When spread as a monolayer on the surface of hydrophobic beads and injected into mice, the mycobacterial glycolipid, trehalose 6,6′-dimycolate, reproduces the biologic effects traditionally associated with virulent mycobacteria, including acute inflammation, granuloma formation, and immune adjuvancy. Repeated intraperitoneal injection of glycolipid-coated beads into young rmC57B1 6 mice elicits a granulomatous peritonitis, with concomitant dissemination of beads from the peritoneum to distant organs. Glycolipid-coated beads which disseminate from the peritoneum to other sites elicit neither acute inflammation nor granulomata. The coagulation system may be involved in the dissemination of glycolipid-coated beads as evidenced by the following: (1) fibrinogen is a necessary cofactor of the trehalose dimycolate monolayer; (2) diffuse peritoneal and pulmonary hemorrhage accompanies bead dissemination; (3) peritoneal exudate collected shortly after intraperitoneal injection of glycolipid-coated beads is enriched in coagulant activity; (4) coagulability of blood from trehalose dimycolate-treated animals is reduced; and (5) anticoagulation inhibits the inflammatory response to glycolipid-coated beads. In this report, the dissemination of trehalose dimycolate-coated beads is characterized, and a role for the coagulation system in this process is proposed.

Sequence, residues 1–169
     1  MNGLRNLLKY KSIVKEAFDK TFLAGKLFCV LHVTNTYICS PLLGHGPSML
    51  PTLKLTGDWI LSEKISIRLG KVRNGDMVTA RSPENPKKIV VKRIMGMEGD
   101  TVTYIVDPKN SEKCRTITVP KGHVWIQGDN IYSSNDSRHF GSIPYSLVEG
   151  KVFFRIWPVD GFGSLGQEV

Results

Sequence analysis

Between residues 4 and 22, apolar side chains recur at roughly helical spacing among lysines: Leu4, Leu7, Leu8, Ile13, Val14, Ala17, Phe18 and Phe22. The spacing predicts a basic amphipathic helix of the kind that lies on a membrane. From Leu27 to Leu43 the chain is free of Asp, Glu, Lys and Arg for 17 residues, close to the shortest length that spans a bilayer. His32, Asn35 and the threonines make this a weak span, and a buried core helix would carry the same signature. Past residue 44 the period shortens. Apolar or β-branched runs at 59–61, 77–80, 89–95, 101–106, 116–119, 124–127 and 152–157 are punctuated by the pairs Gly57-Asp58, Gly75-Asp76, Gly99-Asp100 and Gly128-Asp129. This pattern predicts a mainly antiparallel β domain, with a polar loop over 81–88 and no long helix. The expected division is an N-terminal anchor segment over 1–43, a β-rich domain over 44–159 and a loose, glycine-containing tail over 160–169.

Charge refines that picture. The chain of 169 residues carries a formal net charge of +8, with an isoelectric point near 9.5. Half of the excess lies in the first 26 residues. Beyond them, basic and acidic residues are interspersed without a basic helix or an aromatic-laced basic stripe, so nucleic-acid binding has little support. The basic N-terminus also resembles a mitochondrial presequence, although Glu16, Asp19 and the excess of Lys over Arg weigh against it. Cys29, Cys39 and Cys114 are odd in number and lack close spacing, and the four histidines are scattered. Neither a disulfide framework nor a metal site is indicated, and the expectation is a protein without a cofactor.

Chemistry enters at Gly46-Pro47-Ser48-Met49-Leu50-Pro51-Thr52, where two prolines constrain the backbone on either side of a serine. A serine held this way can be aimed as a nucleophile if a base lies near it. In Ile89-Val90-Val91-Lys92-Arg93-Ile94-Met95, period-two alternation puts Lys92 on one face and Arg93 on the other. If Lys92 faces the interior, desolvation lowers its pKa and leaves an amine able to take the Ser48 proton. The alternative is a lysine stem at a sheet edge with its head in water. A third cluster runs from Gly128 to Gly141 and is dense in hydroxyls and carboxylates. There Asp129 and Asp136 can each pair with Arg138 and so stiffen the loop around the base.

ASJC Scopus subject areas
- Pathology and Forensic Medicine
- Molecular Biology
- Clinical Biochemistry